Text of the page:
Miami Gardens needs prayer.
That is the message Bishop Billy Baskin will take with him into City Hall on Friday where he is scheduled to pray for the elected officials, employees and the community at large.
The prayer is part of a county-wide movement by Mission Miami, a group of local Christian leaders, who say it their calling “to take the whole Gospel to the whole city.” At 11 a.m. Friday, the group will lead simultaneous prayers at city halls and communities from Homestead to North Dade, according to organizers.
“We are commanded from God to pray for our leaders so that they can lead righteously. When the righteous lead the people are blessed,” said Baskin of New Way Fellowship Church.
At least one Miami Gardens council person is questioning if the prayer should happen during city work hours and if the city is opening itself up to similar requests by other groups.
“What about when the next person wants to come in next week at 1 p.m. and another at 2 p.m.? What about the employees who have to work?” said Vice Mayor Lisa Davis “We need to be careful with this.”
It is unclear if city employees will be allowed to attend the prayer session.
Davis said she was open to prayer invitations after work hours. “If they want to pray before the council meeting or if they want to invite us to their church that would be great,” she said.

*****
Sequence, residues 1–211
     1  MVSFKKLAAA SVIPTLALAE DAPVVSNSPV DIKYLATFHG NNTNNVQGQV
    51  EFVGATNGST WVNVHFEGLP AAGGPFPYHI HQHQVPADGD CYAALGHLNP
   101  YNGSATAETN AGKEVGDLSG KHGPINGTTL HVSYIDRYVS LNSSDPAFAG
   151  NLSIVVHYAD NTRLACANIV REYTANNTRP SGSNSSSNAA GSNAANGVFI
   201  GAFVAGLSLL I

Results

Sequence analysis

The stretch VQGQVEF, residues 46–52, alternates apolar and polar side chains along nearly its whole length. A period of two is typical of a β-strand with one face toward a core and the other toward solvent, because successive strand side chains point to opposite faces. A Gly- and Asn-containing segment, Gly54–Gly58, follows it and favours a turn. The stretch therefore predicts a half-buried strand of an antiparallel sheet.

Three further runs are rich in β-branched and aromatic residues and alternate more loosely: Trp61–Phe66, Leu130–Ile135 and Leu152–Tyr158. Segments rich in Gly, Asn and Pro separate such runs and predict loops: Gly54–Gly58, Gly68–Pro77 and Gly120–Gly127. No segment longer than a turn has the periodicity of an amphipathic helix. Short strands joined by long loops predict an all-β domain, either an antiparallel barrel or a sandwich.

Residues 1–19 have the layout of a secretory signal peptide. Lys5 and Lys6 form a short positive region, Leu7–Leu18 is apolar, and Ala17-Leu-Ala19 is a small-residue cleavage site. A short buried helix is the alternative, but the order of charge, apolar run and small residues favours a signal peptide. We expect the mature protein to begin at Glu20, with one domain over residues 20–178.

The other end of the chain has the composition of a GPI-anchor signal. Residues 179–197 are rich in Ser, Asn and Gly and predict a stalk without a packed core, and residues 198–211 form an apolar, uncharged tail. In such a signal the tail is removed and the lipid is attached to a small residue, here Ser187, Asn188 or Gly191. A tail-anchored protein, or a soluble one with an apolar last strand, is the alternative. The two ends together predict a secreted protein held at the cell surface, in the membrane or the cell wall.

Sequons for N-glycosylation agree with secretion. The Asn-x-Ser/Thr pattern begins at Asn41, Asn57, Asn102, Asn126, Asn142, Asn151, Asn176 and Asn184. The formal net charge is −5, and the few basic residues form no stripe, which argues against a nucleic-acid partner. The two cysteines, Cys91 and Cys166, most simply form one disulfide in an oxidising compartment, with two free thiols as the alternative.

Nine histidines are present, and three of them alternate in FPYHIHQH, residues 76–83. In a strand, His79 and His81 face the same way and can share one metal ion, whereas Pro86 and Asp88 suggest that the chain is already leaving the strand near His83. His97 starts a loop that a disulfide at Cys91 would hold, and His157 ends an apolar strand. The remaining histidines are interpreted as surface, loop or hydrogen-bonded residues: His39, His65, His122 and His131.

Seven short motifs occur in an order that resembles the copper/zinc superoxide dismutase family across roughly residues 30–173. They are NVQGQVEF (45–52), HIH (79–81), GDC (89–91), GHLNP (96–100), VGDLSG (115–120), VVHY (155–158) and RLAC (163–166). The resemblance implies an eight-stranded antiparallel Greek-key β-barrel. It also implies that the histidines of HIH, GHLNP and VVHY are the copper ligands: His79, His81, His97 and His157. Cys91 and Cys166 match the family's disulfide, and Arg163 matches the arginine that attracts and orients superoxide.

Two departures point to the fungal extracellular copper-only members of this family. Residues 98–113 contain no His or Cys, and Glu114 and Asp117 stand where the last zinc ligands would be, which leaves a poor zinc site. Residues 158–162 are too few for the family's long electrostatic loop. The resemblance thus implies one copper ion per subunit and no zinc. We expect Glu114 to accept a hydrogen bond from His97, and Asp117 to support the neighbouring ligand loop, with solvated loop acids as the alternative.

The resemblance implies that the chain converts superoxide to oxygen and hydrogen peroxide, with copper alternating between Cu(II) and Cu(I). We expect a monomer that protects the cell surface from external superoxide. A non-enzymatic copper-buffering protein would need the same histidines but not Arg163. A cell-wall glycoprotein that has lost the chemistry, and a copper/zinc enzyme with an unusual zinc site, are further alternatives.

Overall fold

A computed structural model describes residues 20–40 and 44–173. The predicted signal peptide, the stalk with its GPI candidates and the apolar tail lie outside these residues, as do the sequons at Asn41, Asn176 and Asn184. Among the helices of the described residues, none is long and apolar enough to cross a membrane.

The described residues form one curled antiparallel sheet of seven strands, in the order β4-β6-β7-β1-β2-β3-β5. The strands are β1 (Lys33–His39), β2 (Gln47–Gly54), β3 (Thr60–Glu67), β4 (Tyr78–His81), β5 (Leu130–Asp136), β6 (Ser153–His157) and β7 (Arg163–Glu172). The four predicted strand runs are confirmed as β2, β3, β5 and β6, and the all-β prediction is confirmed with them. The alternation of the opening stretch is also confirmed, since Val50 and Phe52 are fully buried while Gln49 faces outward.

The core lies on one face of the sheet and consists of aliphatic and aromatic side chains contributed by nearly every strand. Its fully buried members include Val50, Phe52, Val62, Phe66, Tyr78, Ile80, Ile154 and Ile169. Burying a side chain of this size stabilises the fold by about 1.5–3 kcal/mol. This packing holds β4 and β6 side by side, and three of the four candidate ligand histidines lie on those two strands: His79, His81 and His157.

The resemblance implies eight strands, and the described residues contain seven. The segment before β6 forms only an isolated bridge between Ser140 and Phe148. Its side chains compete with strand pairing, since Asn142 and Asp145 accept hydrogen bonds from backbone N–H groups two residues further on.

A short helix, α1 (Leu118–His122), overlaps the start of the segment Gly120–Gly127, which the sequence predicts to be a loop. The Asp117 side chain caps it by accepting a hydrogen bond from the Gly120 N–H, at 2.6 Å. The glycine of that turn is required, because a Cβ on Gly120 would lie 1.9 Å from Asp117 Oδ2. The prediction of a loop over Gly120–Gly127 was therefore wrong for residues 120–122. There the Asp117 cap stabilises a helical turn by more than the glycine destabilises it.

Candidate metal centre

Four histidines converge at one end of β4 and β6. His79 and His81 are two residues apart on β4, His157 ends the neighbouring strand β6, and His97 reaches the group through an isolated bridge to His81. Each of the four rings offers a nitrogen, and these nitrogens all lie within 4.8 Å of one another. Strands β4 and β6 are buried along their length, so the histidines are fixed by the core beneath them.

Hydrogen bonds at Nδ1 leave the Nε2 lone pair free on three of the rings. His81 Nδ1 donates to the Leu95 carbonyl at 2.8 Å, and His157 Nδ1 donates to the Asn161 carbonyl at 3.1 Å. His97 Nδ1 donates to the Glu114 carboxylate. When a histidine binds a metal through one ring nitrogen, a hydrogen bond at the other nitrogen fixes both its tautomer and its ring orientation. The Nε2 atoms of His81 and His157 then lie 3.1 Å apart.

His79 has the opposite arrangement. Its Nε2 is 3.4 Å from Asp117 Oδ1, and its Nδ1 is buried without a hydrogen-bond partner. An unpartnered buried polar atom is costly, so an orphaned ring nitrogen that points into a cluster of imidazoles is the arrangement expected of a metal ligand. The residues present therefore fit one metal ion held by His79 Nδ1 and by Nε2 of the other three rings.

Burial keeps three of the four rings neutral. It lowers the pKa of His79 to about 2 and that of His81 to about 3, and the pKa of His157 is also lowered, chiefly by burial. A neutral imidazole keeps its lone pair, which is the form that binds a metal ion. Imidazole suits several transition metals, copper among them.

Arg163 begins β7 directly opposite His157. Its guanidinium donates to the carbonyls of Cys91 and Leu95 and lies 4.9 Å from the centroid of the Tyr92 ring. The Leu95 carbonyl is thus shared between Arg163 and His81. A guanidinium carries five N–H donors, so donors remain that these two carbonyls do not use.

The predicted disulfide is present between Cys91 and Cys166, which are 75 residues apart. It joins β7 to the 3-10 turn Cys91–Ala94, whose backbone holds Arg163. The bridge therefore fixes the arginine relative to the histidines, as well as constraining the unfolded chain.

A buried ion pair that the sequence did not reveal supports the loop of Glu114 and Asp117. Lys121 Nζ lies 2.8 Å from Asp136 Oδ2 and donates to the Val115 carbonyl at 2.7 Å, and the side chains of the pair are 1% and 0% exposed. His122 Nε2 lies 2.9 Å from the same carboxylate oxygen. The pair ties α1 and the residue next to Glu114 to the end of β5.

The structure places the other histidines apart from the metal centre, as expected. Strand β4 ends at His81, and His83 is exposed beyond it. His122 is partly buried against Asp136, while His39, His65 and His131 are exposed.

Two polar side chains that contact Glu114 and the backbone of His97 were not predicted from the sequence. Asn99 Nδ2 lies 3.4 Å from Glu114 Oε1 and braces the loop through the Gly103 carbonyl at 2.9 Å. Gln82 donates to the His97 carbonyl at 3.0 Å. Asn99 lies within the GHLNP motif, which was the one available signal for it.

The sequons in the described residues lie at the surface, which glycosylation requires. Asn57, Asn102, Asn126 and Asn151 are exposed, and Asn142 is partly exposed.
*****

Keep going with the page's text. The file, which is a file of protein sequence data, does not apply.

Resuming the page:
Miami Gardens is not alone. Mission Miami organizer David Vega said Hialeah and Doral will also host the prayer meeting at their respective city halls.
Experts agree that once Miami Gardens and other cities open their doors to Mission Miami, they cannot then close them to other religious groups without a possible lawsuit.
“It’s certainly the case that if such a prayer meeting were allowed, there would be no basis for the city government to deny the same opportunity to another religion. To Catholicism, to Judaism, to a Muslim prayer group,” said Professor Stanley Fish, a law professor at Florida International University.
The ACLU’s Greater Miami chapter warned that city time should not be used for sectarian prayer.
“In general, the Greater Miami chapter of the ACLU believe that city time should be invested in city business and that cities should stay out of religion.” said Jeff Borg, president of the Miami chapter.
Baskin acknowledges that there are some people who might feel uncomfortable with the prayer meeting at city hall, but he said the opposition will not deter him.
“As a believing nation, to say prayer has no place in government is derelict,” he said. “It has a great place. If you don’t believe prayer is power, then why worry about it? Why oppose it?”